• Even if you have favorite commands from other systems, start by using the supplied files. Only modify .bash_udit for customization.
  • Add essential commands that you fully understand, and keep it simple. Quoting rules can be complicated.
  • Do not depend on the order of command execution. Do not assume your environment, set in .bash_profile, will be available when the commands in .bashrc are executed.
  • Do not include commands that spawn new shells, such as workgroup.
  • Be very careful of commands that may produce output. If you must, only execute them after a test to make sure there is a terminal to receive the output. Keep in mind using any commands that produce output may break other applications like file transfer (sftp, scp, WINscp).
  • Keep a session open on the cluster, so when you make a change that prevents you from logging on you can reverse the last change, or copy the /etc/skel file to start over.

There are some key environment variables that are set for you, and are important for your work on any cluster. They are used to find directories for your projects. These environment variables are set on initial connection to a cluster, and will be changed if you

  • set your workgroup (cluster group investing-entity name) with the workgroup command,
  • change to your project directory with the cd command,
  • connect to the compute node with qlogin (or qsub) command.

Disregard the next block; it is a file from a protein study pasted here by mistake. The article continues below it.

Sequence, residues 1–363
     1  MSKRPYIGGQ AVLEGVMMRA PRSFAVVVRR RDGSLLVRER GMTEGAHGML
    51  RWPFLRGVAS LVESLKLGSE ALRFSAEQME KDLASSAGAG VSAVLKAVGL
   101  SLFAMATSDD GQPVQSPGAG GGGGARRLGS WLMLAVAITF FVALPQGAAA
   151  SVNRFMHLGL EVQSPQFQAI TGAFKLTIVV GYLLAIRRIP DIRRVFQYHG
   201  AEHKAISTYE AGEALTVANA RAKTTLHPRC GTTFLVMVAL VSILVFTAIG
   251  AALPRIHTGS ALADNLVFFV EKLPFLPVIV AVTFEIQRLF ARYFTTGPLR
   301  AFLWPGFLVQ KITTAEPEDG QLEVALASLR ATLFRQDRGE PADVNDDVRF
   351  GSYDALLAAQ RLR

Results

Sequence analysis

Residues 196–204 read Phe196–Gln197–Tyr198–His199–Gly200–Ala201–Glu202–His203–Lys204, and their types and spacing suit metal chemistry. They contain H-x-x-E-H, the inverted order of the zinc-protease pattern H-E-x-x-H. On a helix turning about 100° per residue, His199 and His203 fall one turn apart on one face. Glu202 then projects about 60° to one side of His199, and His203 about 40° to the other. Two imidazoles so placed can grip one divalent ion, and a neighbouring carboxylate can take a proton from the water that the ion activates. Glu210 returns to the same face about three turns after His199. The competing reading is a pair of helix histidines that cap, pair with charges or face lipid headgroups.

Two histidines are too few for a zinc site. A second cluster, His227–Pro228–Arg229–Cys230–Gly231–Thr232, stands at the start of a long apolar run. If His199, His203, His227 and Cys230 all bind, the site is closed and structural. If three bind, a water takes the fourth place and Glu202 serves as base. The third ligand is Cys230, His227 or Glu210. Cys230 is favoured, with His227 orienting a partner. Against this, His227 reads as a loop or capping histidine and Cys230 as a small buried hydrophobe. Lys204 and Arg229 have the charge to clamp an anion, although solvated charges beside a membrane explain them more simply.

Connecting to login node

The system's initialization scripts set the values of some environment variables to help use the filesystems.

Variable Value Description
HOSTNAME «hostname» Host name
USER «login_name» Login name
HOME /home/«uid» Your home directory
The initialization scripts also set the standard prompt with your login name and a shortened host name. For example, if your «hostname» is farber.hpc.udel.edu and your «login_name» is traine, then the standard prompt will be

[traine@farber ~]$

Clusters may be configured to have multiple login nodes, with one common name for connecting. For example, on the Farber cluster, the hostname may be set to login000 or login001, but the standard prompt and window title bar are set to farber.

Setting workgroup

To use the compute nodes for a particular investing-entity cluster group (workgroup), you need to use the workgroup command.

For example,

    workgroup –g it_css

starts a new shell for the workgroup it_css, and sets the environment variables:

Variable Example Value Description
WORKDIR /home/work/it_css Group private work directory
WORKGROUP it_css Current workgroup name
Use $WORKDIR when you refer to your group private directory. This will improve portability.
It is always important to be aware of your current workgroup name. The standard prompt includes the workgroup name, added to your username and host. You must have a workgroup name in your prompt to use that cluster group's (investing-entity) compute nodes to submit jobs using qsub or qlogin. An example prompt after the workgroup command,

[(it_css:traine)@farber ~]$

Changing directory

When you first connect to the login node, all your commands are executed from your home directory. Most of your work will be done in your private group work directory. The workgroup command has an option to start you in the private group work directory. For example,

    workgroup -cg it_css

will spawn a new shell in the workgroup directory for it_css.

You can always use the cd bash command.

For example,

    cd project/fuelcell
    cd /lustre/scratch/traine/project/fuelcell
    cd $WORKDIR/project/fuelcell

The first is using a path name relative to the current working directory (implied ./). The second to use the full path ($WOKDIR always begins with a /) In all cases the directory is changed, and the $PWD environment variable is set:

Variable Example Value Description
PWD /lustre/scratch/traine/project/fuelcell Print (current) working directory